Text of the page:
8. It sounds to me like the idea of oxytocin being less present in Socipaths could very well be true. If you apply the idea that Oxytocin affirms moral interaction within ones social group (e.g. Family, friends, coworkers) and also affirms immoral interaction with people outside that social group you could explain why Sociopaths (with a proposed lack or deficiency of ocytocin) can choose to act in any manner around anyone.

    I also wanted to touch on the idea that Oxytocin causes us to trust, as well as not be gullible. I have come to the conclusion that I exhibit many sociopathic traits for a variety of reasons, and while this may not be a clinical diagnosis I have confidence in my ability to reflect on my actions (something I have learned to do since the idea that I could be a sociopath sprouted) and draw accurate conclusions. Anyway, I have serious trust issues. I don't trust anyone except myself, and even so I don't do that often. People who consider me a close friend have often expressed their problems with my lack of trust for them on a very deep level. On the other end of the spectrum I find that in many social situations I can be very gullible. I often find that someone will make a joke or say something about them self that I think is completely irrelevant to me and since I do not find the information they have just told me important whatsoever I'll believe it on blind faith (assuming that nothing changes the importance of this information at a later time). This has occurred enough to make me notice it and in most cases the person will tell me shortly after their lie, joke, etc. that they were in fact lying/joking/etc. I never take offense to this considering that the information was arbitrary, but it still occurs often, mostly with new people.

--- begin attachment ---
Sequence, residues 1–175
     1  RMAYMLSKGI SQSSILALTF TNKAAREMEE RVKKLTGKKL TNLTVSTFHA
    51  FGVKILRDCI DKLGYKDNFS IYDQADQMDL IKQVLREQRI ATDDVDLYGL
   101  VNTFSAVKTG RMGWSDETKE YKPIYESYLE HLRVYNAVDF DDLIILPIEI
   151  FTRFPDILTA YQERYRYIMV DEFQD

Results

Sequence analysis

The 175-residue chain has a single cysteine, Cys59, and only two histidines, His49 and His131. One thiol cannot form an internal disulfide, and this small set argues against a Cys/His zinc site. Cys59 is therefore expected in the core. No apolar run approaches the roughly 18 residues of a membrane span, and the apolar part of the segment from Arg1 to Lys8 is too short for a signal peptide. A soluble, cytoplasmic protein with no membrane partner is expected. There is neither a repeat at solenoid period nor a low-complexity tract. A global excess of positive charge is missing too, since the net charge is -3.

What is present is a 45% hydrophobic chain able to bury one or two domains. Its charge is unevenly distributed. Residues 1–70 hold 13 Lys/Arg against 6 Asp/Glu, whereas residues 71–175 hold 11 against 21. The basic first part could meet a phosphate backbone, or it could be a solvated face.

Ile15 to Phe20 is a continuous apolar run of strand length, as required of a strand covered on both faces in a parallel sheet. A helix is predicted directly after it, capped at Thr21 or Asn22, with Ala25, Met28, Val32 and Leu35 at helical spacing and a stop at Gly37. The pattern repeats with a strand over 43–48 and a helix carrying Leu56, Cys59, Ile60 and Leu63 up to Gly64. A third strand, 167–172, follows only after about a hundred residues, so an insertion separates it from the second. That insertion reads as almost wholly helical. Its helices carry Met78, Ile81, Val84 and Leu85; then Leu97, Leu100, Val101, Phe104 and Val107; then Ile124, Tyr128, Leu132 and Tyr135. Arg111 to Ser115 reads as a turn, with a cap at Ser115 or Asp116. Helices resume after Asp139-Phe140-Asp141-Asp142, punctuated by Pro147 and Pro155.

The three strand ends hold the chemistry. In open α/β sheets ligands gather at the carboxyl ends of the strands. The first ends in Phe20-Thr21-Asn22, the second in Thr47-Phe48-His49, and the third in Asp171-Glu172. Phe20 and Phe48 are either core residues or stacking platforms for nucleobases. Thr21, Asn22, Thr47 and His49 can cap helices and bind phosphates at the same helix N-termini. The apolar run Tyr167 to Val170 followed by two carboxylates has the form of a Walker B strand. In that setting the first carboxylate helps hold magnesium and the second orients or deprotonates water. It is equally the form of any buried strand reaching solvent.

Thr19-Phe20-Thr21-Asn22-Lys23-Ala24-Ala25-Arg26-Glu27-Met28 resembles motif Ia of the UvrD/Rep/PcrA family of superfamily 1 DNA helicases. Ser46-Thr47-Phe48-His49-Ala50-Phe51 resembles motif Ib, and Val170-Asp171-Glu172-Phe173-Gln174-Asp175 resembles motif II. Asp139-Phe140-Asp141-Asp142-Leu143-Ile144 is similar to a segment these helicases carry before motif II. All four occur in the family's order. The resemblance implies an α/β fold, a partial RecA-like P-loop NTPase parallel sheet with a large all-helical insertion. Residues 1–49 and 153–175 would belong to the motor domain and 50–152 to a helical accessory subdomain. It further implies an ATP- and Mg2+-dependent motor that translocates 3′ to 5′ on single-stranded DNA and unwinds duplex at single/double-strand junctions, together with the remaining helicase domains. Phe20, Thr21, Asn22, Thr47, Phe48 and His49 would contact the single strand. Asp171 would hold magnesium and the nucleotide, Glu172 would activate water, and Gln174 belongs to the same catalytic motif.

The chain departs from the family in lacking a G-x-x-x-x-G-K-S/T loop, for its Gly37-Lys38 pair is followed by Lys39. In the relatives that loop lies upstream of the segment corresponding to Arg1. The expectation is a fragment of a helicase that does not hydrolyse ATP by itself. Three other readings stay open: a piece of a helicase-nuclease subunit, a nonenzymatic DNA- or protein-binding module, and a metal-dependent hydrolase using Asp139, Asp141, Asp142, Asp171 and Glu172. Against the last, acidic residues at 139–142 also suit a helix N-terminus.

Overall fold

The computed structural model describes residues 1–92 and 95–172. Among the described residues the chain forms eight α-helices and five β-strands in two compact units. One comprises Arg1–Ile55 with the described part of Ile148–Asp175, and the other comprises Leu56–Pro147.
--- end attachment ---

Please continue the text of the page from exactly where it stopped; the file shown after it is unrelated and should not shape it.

Would M.E. or anyone agree that what I have described about myself could be considered gullible?

    ReplyDelete
    Replies
    1. There is a relationship between gullibility and attention deficit.

      Delete
  9. There is relationship between having an unmet need and being gullible, too. Sociopaths are masters at determining what you need in order to get you to bond with them so they can get what they need.

    ReplyDelete
  10.  It is very helpful for all the people on the web.I wanted to say that it's nice to know that someone else also mentioned this as I had trouble finding the same info elsewhere.
    healthseum.com |

    ReplyDelete

Comments on posts over 14 days are SPAM filtered and may not show up right away or at all.

Join Amazon Prime - Watch Over 40,000 Movies

.

Comments are unmoderated. Blog owner is not responsible for third party content. By leaving comments on the blog, commenters give license to the blog owner to reprint attributed comments in any form.